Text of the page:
Evolution is an amazing thing—take the mantis shrimp, for example. To kill its prey, the colorful crustacean pulls back the hammer-like appendages under its face, called dactyl clubs, and then lets go, unleashing a deadly blow at speeds of 10,000g, or the velocity of a .22 caliber bullet. With that much force, it’s no wonder this creature is also known as the thumb splitter: this unique method of hunting can completely pulverize a clam shell, which is one of nature’s toughest materials, and instead of being merciful, the mantis shrimp will blow off a crab’s claws so it can’t defend itself, and then basically punch it to death. However, this all puts the dactyl clubs under a lot of stress, which is why nature was kind enough to give the material that makes up the hammers a Bouligand shape, wherein the layers are twisted and any structure cracks reproduce in a twisted pattern that spreads the energy throughout the material.
In the past, researchers have been inspired by the mantis shrimp’s club to create strong 3D printable materials, and now a team of engineers from the University of California, Irvine and the University of Southern California are going down a similar path. Using bacteria, they’ve been able to get minerals to grow inside a 3D printed Bouligand structure. They recently published a paper about their work, titled “Growing Living Composites with Ordered Microstructures and Exceptional Mechanical Properties.”
The abstract states, “Living creatures are continuous sources of inspiration for designing synthetic materials. However, living creatures are typically different from synthetic materials because the former consist of living cells to support their growth and regeneration. Although natural systems can grow materials with sophisticated microstructures, how to harness living cells to grow materials with predesigned microstructures in engineering systems remains largely elusive. Here, an attempt to exploit living bacteria and 3D‐printed materials to grow bionic mineralized composites with ordered microstructures is reported. The bionic composites exhibit outstanding specific strength and fracture toughness, which are comparable to natural composites, and exceptional energy absorption capability superior to both natural and artificial counterparts. This report opens the door for 3D‐architectured hybrid synthetic–living materials with living ordered microstructures and exceptional properties.”
The most basic explanation is that the team 3D printed scaffolds and dipped them in a microbe concoction in order to create a stronger, more robust structure, in what could one day lead to self-building roads. They started off by 3D printing a simple lattice structure, which has a lot of empty space inside, kind of like a building’s supporting beams. Then, the lattice was dipped into a solution that contained the Sporosarcina pasteurii bacteria, and then sat out for 12 to 24 hours. During this time, the bacteria attached itself to the 3D printed polymer lattice and began to secrete the urease enzyme.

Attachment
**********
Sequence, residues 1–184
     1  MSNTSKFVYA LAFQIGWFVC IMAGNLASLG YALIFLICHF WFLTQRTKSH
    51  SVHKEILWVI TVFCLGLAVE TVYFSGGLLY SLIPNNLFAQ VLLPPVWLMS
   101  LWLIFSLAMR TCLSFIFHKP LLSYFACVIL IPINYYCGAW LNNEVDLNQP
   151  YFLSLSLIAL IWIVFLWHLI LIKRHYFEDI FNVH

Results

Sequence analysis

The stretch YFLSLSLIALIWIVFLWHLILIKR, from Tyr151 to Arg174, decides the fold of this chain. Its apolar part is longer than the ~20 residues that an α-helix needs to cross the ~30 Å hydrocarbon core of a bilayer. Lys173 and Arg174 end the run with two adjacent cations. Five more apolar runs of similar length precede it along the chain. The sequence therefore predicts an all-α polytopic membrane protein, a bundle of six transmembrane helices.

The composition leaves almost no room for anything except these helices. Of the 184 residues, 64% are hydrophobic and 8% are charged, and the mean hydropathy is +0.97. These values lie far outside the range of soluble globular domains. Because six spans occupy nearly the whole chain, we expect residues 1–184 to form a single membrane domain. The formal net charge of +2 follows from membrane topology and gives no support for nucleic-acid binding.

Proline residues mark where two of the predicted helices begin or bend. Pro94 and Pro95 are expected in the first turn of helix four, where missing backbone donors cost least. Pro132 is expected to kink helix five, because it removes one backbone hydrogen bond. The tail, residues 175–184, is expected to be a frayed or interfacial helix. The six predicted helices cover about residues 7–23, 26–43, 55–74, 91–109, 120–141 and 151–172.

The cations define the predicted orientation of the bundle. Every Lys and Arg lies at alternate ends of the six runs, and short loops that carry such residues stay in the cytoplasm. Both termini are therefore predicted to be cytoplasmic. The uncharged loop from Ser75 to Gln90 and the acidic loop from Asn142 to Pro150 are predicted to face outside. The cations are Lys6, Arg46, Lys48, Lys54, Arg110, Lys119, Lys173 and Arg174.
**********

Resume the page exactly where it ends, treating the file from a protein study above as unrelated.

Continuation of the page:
Once time was up, the 3D printed structure was dipped into another solution, this one containing calcium ions and urea, and the urease that had been secreted during the waiting period began a chemical reaction that led to the creation of calcium carbonate, which is what makes human teeth and bones, as well as clam shells, so strong. Additionally, as you may have guessed, the material is also part of the mantis shrimp’s dactyl club.
As you can see above, the longer the 3D printed scaffold structure remained in this second solution, the more calcium carbonate was created to fill the empty spaces in the lattice. It took ten days to fill in the entirety of the lattice structure, and the result was a really tough material that consisted of minerals inside a polymer skeleton.
Using this method, the team 3D printed lattices that featured multiple internal shapes, such as crosses and wave patterns. Row C in the image below shows where the mineral filled in the polymer skeleton’s gaps, and Row D shows how the lattice structure (green and blue) has a lower stiffness score than the calcium carbonate mineral deposits (red).
This was great work, but not exactly what they wanted, which was of course the Bouligand structure that makes the dactyl club so resilient, and can be seen in the Type IV image on Row A, below. With each layer shifting 45°, this structure is chaos exemplified, but in this case, that’s not necessarily a bad thing.
“This kind of microstructure makes sure that this kind of composite is very tough. When you have a crack, that crack will propagate in the twist pattern to dissipate the energy inside the material,” explained co-author Qiming Wang from USC.
When the lattice strength was tested, the researchers found that the Bouligand structure absorbed twenty times as much energy as the Type 1 lattice.
Wang says that body armor is a good potential application for this research: just like the hammer of a mantis shrimp can absorb the energy of its own punches without breaking, the same could also be the case for any materials created using the research team’s new method. Also, because calcium carbonate is not terribly heavy, other applications could include skins for robots and tougher aircraft panels.
Finally, another possible use could be growing roads, instead of building them, as this nifty material is actually able to regenerate!
“If we have damage, you just introduce bacteria inside, and it can grow it back. These structures are very tough, very strong, and can potentially repair themselves,” Wang said.
This is obviously not happening anytime soon, as scaling all the way up to road construction from growing small amounts of minerals with the bacteria in a lab is a pretty big leap. But the potential does exist.
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